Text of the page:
- The Learners -


Analyzing learner characteristics is essential since this will help you to determine what strategies to use in actual instruction. Identifying the characteristics of learners entails gathering information on the learners' cognitive, physiological, affective, and social characteristics (Smith & Ragan, 1999). Learner information can be obtained from surveys, interviews, observations, results of previous course performance, and assessment of their current knowledge/skill levels. The following list, adapted from Smith and Ragan (1999), may serve as a guideline in depicting the profile of your target learners. Note that depending on the learning task, it is not necessary to include all factors given below in your analysis.


Cognitive Characteristics


A. General characteristic
  • General aptitudes
  • Specific aptitudes
  • Development level
  • Language development level
  • Reading level
  • Level of visual literacy
  • Cognitive processing styles (read an article by G. Kearsley)
  • Learning styles (visit the Learning Styles Resource Page by J. Shindler; read an article on Myers-Briggs' learning styles by H. J. Brightman; Read an article on Kolb's learning styles by J. Blackmore)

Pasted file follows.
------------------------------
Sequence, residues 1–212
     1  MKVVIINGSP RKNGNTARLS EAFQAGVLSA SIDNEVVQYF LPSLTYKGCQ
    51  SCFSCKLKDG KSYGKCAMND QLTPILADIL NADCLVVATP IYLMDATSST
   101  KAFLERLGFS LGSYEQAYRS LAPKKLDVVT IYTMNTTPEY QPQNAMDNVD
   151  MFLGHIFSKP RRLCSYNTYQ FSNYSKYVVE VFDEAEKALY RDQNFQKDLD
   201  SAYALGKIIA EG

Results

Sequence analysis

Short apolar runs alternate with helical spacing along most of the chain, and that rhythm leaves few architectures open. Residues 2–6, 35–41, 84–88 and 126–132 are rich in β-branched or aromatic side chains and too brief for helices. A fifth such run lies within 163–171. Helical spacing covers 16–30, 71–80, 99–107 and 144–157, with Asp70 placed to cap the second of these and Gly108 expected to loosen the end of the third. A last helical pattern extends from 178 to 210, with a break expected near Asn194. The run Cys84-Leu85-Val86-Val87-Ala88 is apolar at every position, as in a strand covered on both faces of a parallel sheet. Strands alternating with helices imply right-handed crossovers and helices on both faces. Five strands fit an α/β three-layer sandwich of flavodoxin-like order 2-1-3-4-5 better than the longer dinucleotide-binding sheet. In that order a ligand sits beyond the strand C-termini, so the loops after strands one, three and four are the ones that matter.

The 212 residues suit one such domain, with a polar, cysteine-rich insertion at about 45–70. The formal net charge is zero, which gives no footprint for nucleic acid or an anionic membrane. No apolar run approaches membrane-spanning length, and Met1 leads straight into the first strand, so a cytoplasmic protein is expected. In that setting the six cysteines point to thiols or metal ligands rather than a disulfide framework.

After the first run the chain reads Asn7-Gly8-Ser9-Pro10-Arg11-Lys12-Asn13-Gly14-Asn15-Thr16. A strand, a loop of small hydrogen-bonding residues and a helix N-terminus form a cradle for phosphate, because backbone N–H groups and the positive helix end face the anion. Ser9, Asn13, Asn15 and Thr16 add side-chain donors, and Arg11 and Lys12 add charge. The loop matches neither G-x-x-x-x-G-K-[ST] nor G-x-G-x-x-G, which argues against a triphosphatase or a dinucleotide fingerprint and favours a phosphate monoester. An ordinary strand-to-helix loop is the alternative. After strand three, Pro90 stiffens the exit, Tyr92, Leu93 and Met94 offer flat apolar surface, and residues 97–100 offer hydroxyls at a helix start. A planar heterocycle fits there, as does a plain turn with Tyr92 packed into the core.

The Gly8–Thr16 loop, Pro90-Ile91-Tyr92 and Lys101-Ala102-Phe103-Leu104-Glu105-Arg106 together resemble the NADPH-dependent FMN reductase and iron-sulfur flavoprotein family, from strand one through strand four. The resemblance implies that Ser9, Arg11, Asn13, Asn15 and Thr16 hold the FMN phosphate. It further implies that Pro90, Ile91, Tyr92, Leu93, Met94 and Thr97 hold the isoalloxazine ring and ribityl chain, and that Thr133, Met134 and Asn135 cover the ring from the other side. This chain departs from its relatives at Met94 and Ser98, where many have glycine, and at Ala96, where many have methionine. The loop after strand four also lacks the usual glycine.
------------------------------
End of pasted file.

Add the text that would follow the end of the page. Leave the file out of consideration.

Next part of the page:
• Cognitive and learning strategies
  • General world knowledge
B. Specific prior knowledge


Physiological Characteristics


A. Sensory perception (read a summary of information theory by P. E. Doolittle)
B. General health
C. Age


Affective Characteristics


A. Interests
B. Motivation and motivation to learn (read an article by S. C. Tzeng 
C. Attitude toward learning and subject matter
D. Perceptions of and experiences with specific forms of mediation
E. Academic self-concept
F. Anxiety level
G. Beliefs
H. Attribution of success (i.e., locus of control)



Social Characteristics


A. Relationships to peers

B. Feelings toward authority

C. Tendencies toward cooperation or competition

D. Moral development (read an article by Y. L. LaMar)

E. Socioeconomic background

F. Racial/ethnic background, affiliations

G. Role models




Smith, P. L., & Ragan, T. J. (1999). Instructional design (2nd ed.). Upper Saddle River, NJ: Prentice-Hall.